We watch the news and find fabricated stories and character slander. We seldom hear or see uplifting messages in movies or music. The government has ruled against the sanctity of life and moral principles. They have outlawed God in the public arena. We listen to the minority and silence the majority.

There are more people in the parking lots of casinos, theatres and sporting events than there are in churches. Many of our children know more about the NFL lineup than they know about Peter, James and John. They can recite the chemical elements, but they can’t recite the Lord’s prayer.

Many have not even heard of the Sabbath Day, let alone have reason to keep it holy. In fact, “holy” has become a slang word, meaning nothing.

People have forgotten keeping the Sabbath Day holy has great blessings attached to it. Honoring the Sabbath isn’t a bunch of rules spelling out the “do’s and don’ts.” Rather, it is a simple process that brings rewards. We center our thoughts and actions on the Lord and his goodness. Isaiah makes it clear:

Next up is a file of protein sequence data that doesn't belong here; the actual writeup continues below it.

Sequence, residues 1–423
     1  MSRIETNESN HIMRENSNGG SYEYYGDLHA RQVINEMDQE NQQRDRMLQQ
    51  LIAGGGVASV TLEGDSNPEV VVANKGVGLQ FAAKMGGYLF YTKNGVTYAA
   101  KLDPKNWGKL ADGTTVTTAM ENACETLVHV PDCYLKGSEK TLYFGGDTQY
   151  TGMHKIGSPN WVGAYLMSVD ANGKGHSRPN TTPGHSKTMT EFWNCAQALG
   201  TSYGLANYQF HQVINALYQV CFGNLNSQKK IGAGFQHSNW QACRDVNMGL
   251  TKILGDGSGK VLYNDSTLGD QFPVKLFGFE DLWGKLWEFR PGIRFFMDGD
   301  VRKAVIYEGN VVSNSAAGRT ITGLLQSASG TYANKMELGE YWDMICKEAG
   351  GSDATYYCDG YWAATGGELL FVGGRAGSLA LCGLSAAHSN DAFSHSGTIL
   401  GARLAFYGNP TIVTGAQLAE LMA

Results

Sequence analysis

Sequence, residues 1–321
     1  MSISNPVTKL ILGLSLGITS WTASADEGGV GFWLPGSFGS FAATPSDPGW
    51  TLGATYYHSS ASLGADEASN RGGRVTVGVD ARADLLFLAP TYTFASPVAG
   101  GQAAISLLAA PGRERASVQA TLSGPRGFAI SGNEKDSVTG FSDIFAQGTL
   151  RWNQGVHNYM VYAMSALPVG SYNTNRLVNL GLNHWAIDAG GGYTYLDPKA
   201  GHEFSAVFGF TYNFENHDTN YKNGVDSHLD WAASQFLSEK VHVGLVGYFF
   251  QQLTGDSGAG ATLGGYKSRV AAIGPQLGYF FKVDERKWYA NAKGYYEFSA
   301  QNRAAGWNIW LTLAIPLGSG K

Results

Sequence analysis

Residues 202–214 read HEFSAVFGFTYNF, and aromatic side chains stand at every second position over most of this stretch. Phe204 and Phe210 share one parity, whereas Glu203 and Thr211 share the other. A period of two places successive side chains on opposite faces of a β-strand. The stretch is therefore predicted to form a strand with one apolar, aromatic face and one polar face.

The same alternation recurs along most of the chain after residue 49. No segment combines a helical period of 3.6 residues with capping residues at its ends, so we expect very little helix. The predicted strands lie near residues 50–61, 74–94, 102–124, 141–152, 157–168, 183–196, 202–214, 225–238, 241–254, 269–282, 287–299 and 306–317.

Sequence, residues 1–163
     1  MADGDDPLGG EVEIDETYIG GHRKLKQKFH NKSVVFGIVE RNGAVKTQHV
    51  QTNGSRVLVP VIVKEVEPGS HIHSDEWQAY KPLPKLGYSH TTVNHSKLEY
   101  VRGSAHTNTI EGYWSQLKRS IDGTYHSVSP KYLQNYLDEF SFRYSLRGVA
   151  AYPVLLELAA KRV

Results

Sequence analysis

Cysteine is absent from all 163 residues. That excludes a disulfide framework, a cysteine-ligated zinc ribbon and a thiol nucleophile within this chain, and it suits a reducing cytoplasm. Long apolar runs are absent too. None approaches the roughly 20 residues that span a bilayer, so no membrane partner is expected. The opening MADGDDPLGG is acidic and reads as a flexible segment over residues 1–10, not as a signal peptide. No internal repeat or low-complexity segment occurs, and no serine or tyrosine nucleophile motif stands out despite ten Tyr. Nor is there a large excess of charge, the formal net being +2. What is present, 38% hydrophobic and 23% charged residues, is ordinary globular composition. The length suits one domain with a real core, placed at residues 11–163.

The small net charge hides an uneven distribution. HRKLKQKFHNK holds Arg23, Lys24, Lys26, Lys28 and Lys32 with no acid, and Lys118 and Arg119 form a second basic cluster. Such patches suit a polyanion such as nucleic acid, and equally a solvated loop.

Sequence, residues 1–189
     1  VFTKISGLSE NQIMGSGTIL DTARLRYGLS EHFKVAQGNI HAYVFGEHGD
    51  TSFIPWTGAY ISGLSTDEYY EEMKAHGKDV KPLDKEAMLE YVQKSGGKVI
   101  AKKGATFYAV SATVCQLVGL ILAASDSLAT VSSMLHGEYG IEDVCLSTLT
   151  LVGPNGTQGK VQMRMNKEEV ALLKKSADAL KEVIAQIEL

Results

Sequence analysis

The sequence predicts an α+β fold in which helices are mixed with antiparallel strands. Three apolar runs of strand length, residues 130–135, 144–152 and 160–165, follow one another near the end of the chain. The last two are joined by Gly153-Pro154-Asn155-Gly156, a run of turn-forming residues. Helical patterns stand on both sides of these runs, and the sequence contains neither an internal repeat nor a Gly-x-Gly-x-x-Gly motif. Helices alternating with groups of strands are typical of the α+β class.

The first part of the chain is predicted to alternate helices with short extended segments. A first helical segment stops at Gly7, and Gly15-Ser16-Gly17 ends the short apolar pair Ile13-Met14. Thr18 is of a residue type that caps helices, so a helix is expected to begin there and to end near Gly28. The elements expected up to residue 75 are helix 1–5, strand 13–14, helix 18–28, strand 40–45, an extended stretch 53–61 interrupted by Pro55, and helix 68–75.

If thou turn away thy foot from the sabbath, from doing thy pleasure on my holy day; and call the sabbath a delight, the holy of the LORD, honourable; and shalt honour him, not doing thine own ways, nor finding thine own pleasure, nor speaking thine own words:

In modern language: If we find joy in doing the Lord’s work and speaking His words without seeking our own entertainment, we will be honoring the Sabbath as God wishes.

Then shalt thou delight thyself in the LORD; and I will cause thee to ride upon the high places of the earth, and feed thee with the heritage of Jacob thy father: for the mouth of the LORD hath spoken it.

He will give us His highest blessings to guide us and protect us. If we honor the Lord, He will give His honor back to us.  end mark

Yevet Crandell Tenney is a Christian columnist who loves American values and traditions. She writes about faith, family and freedom.